Across all treatment intensity cohorts, the likelihood of a treatment episode ending as planned varied by treatment type and principal drug of concern (Figure 4).
Figure 4: End reasons of episodes treating alcohol or amphetamines between 2013–14 and 2020–21, by treatment intensity cohort and main treatment type
This interactive data visualisation shows the number and proportion of episodes provided to clients receiving intensive, recurring and non-recurring treatment for alcohol or amphetamines. Episodes are presented by reason for cessation and main treatment type.
Based on clients’ needs and agreed treatment goals, services may provide a number of interventions.
Can include cognitive behaviour therapy, brief intervention, relapse intervention and motivational interviewing.
|Information and education||Where information and education is provided to the client (service providers would normally include an information and education component in all treatment types)|
|Support and case management||Support includes helping a client who occasionally calls an agency worker for emotional support, while case management is usually more structured than ‘support’. It can assume a more holistic approach, taking into account all client needs (including general welfare needs) and it includes assessment, planning, linking, monitoring and advocacy.|
|Withdrawal management (detoxification)||Includes medicated and non-medicated treatment to help manage, reduce or stop the use of a drug of concern.|
|Rehabilitation||Focuses on supporting clients in stopping their drug use, and to prevent psychological, legal, financial, social and physical consequences of problematic drug use. Rehabilitation can be delivered in several ways, including residential treatment services, therapeutic communities and community-based rehabilitation services.|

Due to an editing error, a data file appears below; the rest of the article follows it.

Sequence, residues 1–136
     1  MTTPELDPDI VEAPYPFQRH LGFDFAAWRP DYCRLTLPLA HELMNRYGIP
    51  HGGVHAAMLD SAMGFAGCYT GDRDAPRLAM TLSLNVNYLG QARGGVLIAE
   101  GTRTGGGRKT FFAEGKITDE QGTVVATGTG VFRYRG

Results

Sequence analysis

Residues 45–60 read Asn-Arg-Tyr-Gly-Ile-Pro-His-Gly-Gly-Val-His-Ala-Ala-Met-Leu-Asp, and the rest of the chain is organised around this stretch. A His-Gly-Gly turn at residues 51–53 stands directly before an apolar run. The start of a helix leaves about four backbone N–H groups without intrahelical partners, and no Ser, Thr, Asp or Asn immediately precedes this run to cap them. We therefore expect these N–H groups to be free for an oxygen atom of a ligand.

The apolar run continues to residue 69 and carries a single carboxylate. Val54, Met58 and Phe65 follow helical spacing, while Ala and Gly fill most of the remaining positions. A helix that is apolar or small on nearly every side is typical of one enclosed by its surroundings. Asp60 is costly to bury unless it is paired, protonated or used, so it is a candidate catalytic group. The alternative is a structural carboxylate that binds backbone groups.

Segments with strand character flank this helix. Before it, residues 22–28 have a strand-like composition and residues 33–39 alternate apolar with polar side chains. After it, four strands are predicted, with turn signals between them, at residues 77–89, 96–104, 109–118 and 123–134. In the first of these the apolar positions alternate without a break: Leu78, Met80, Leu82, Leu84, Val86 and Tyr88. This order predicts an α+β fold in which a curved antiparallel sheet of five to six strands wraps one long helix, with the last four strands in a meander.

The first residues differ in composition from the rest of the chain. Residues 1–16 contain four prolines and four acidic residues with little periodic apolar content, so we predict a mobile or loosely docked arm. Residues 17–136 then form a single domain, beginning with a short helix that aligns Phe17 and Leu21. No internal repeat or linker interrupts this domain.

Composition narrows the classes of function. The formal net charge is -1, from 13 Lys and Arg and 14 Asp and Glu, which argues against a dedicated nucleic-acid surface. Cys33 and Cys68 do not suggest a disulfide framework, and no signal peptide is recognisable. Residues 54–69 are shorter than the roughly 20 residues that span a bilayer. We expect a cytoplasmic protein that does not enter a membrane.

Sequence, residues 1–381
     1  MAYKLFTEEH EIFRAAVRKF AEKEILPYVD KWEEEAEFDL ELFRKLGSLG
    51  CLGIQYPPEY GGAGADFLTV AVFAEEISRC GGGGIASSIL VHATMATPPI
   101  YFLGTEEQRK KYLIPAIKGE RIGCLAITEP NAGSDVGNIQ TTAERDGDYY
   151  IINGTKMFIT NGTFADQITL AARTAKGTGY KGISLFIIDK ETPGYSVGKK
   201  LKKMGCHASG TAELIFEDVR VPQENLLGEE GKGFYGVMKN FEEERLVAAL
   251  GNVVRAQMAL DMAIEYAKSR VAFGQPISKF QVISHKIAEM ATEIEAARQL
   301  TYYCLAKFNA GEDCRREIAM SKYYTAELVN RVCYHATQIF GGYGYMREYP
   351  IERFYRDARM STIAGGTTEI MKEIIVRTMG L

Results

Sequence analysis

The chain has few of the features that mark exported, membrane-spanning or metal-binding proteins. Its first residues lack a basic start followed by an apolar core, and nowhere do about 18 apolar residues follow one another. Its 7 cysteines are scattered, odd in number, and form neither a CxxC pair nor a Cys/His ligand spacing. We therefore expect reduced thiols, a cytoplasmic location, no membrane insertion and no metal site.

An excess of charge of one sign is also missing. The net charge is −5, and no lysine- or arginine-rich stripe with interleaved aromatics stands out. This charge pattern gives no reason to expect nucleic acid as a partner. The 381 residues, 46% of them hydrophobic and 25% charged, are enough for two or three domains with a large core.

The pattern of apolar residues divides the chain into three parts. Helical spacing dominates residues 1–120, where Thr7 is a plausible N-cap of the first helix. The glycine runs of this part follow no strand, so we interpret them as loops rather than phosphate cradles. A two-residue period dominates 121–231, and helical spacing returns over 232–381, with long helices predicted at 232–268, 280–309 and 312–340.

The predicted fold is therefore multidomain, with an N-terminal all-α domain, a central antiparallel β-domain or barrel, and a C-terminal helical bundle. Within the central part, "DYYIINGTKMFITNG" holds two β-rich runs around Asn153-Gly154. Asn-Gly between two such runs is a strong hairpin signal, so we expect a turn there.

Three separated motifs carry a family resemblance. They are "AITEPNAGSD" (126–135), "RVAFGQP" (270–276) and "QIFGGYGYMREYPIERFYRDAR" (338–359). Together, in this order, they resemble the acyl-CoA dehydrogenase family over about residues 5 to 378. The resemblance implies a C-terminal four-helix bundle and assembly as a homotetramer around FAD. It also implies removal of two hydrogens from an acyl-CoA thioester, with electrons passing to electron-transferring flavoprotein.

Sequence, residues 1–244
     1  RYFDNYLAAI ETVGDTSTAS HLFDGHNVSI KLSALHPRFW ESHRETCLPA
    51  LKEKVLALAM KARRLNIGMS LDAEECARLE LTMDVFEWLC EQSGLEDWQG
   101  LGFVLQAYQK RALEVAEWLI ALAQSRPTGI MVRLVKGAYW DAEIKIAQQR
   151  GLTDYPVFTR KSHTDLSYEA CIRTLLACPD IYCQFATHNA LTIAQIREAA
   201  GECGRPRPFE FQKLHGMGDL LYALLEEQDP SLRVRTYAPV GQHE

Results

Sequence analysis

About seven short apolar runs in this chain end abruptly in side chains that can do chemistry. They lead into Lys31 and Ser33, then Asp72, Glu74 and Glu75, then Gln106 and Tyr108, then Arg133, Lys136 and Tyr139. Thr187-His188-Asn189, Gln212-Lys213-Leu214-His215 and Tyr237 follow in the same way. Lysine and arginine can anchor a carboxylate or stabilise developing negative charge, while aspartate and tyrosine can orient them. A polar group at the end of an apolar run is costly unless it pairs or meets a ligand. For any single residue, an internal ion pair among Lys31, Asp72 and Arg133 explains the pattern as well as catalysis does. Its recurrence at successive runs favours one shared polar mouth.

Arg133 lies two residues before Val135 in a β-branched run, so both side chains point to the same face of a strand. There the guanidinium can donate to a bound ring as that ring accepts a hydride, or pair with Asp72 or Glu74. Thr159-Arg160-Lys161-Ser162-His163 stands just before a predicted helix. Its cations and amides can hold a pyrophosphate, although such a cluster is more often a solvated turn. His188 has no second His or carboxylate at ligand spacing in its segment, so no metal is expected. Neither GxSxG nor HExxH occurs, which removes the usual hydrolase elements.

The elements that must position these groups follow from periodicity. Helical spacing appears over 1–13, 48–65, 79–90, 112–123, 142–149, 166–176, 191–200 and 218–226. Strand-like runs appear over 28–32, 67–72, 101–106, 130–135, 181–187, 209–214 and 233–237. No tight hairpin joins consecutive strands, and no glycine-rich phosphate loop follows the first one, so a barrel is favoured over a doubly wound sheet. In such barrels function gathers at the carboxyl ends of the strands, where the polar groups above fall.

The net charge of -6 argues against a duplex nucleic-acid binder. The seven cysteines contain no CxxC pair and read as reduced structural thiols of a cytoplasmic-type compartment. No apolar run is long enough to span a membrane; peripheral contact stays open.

|Pharmacotherapy (included in ‘other’)||
Where the client receives another type of treatment in the same treatment episode and includes drugs such as naltrexone, buprenorphine and methadone used as maintenance therapies or relapse prevention for people who experience dependence on certain types of opioids. Where a pharmacotherapy is used for withdrawal, it is included in the withdrawal category.
For further information, please see Alcohol and other drug treatment services in Australia annual report: Key terminology and glossary.
Among clients seeking treatment for alcohol as a principal drug of concern:
- Rehabilitation episodes had a similar likelihood of unplanned completion across all treatment cohorts (around 37%) and was the treatment with the highest likelihood of unplanned completions.
- Counselling episodes provided to clients receiving intensive treatment had the highest likelihood of ending with a planned completion (62%), while episodes provided to clients receiving recurring treatment had the lowest (53%).
Among clients seeking treatment for amphetamines as a principal drug of concern:
- Around 1 in 2 (45%) rehabilitation episodes provided across all three cohorts ended as an unplanned completion and was the treatment with the highest likelihood of unplanned completions.
- Around 3 in 5 (57%) counselling episodes provided to clients receiving intensive treatment ended in a planned completion, higher than clients receiving non-recurring and recurring treatments (52% and 49%, respectively).
For further details, refer to Supplementary table BLTN.5.